In response, social media platforms, such as Instagram, Facebook, Youtube, Skype, Reddit, and Tumblr are now cracking down heavily on any and all ‘adult content’. Google upgraded its algorithm to block any searches with words like ‘porn’ in them. Craigslist removed the personals section in the United States entirely, Google has accelerated removing sex work-related videos on Google drive, Reddit has removed all sex work-related forums, as did the Erotic Review, and Microsoft banned ‘offensive’ language and nudity from Skype.

The impact of these acts has been dramatic. Sex workers can no longer advertise on many online platforms. But forcing sex workers out of an online space does not force them out of sex work – it only makes them more vulnerable. Sex workers do not just use the internet to advertise their services. They use it to stay safe. Advertising online allows sex workers to screen their clients before meeting them. It allows people to work indoors and independently. Sex workers are now being forced back on to the streets to make their money.

When these Acts were brought in, the sex worker community warned that this kind of online censorship and silencing of those who work in any area of sexuality was just the beginning. And they were right.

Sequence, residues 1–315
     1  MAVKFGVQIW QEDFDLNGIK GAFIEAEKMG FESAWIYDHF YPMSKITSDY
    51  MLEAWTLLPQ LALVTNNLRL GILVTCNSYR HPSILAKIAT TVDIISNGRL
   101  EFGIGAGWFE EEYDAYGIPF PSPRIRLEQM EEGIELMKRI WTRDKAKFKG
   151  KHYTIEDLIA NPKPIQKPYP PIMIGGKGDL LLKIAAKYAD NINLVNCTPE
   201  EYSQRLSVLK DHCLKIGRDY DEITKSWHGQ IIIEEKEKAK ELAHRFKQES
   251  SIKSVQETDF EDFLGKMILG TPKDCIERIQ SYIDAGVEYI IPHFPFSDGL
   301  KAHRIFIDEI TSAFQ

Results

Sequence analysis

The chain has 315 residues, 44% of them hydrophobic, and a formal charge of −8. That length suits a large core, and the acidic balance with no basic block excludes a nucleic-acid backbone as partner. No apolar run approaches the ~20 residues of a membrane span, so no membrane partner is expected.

Spooked by the threat of legal action, the clampdown on social media and online censorship has also resulted in sex educators, artists, health professionals, activists, etc., having their social media accounts deleted. Platforms like Instagram ‘shadowban’ accounts that it feels are ‘sexually suggestive’, which means the account is active, but won’t turn up in searches and only followers can view the account’s post. It has become such an issue that the Adult Performers Actors Guild are now organising against Instagram for unfair discrimination and online censorship of over 1000 adult performers who have had their accounts deleted, despite following the ‘rules’. In June 2019, Dozens of adult performers picketed outside of Instagram’s Silicon Valley headquarters over guidelines about photos containing nudity.